The German parliament has passed a new law that will make it easier for foreigners with a short-term 'tolerated stay' permit (Duldung) to get a residency permit.
The German Bundestag voted in favour of changes to migration law – mainly the introduction of the so-called "Chancenaufenthaltsrecht" (opportunity right of residency) – on Friday (November 2).
This policy -- which is aimed at foreigners with a "tolerated stay" permit (Duldung) -- is part of a larger plan of the government coalition of center-left SPD, the Greens and pro-business FDP to reform German migration law.
The new 'opportunity' for migrants on 'tolerated stay'
Foreigners who have been living in Germany for at least five years by October 31, 2022 will now get 18 months of "opportunity right of residency" to fulfil the requirements for a residency permit, provided they did not commit any crimes. This means that for a year and a half, they are given legal status, which will allow easier access to the labor market. This, in turn, makes it easier for these migrants to fulfil the criteria to receive a long-term stay permit.
For older adults, these criteria, which are part of the Residency Act, are mainly German language skills (A2), proof of identity, and being able to pay their own living expenses (though there are some exceptions to this, mainly if they are attending school or university, or raising children alone).
The law seeks to give people with a "Duldung" (which translates to tolerated stay -- a short-term suspension of deportation) an additional path out of limbo.
In theory, a Duldung means that a person is still obliged to leave the country, but that a deportation is not possible for the moment. It is usually only valid for a short time: often one, three or six months and needs to be renewed each time. If the deportation is still not possible, the Duldung will be extended. However, when the Duldung expires, the person can be deported immediately and without notice. Only those who've had a Duldung for more than one year will be given a month's notice.
For people with a "Duldung", joining the labour market can also be much more difficult than for foreigners with residency rights as they face more bureaucratic hurdles.
The new "opportunity right of residency" permit cannot be extended, meaning that if people do not fulfil the requirements for a residency permit within a year and a half, their status will go back to "Duldung".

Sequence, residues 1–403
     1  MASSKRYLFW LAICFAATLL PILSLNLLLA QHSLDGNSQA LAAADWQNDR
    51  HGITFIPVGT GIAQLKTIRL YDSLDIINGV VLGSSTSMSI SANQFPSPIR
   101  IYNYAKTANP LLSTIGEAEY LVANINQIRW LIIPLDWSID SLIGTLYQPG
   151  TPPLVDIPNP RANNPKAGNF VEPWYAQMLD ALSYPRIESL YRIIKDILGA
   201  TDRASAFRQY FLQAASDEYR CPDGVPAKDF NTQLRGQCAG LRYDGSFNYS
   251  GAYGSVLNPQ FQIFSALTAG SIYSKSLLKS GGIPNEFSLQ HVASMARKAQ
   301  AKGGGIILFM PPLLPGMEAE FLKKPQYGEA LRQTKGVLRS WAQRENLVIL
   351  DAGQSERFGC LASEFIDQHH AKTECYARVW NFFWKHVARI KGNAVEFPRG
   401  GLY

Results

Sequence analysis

What are the requirements that need to be fulfilled?
Germany's existing legislation already allows foreigners a path from a "tolerated stay" to a residency permit – irrespective of the new opportunity right of residency. The criteria for this are listed in §25a and §25b of the German Residence Act, including a wait period.
On Friday, the government also shortened these wait periods. For older adults, it is now six years instead of eight; and four years instead of six if they are living with underage children.
For young people, the wait time was reduced to three years (before: four). The age limit for people considered "young" was also extended on Friday: From 21 to 27 years.
However, there is a caveat. Young people will now be required to have a "Duldung" for at least a year without a break before they can apply for a residency permit.
This requirement – put into the law at the demand of the pro-business FDP (known to be less migrant friendly in its policies compared to coalition partners Greens and SPD) – has been criticized by migrant and refugee advocates, like Pro Asyl. The organization in a statement said this measure gives "migration authorities a year-long opportunity after an asylum procedure and possible asylum court case to take measures to end someone's stay in Germany… This means: A year more that young people have to live in fear of being deported."
How many migrants will be affected by 'opportunity right of residency'?
The total number of people in Germany on a "tolerated stay" permit was just over 242,000 at the start of 2022, according to the German government. The number of those who had been in the country for over five years at that point was nearly 137,000.
The government has said that they expect 98,000 persons to apply for the "opportunity right of residency" permit, and that only 33,500 people will get long term residency through the new measure.
The measures passed in the Bundestag on Friday also included changes aimed at simplifying asylum procedures -- including the decision that the German asylum office BAMF will no longer run regular checks on whether people's international protection status is still founded. Instead, they will do so only if there is a specific reason to do so (like a significant improvement of the security situation in people's home country).
More changes to migration law expected in 2023
The new changes to migration law are part of the German government's plan to reform German migration policy. The government coalition of center-left SPD, the Greens and the pro-business FDP that took office last fall is generally seen as moderately more left-leaning than the previous centrist coalition of the conservatives (CDU/CSU) and SPD. This is particularly the case when it comes to plans to open Germany to more skilled foreign workers.
Labour minister Hubertus Heil (SPD) and others have said that they want to pass a number of 'migration packages'. Among the policies they want to introduce is the "opportunity card" -- which would give foreigners who fulfil certain criteria (likely work experience and German language skills) the chance to come to Germany to try to find a job. The government is currently working on drafting a bill on this and other migration measures, a vote on this is expected to take place early next year at the earliest.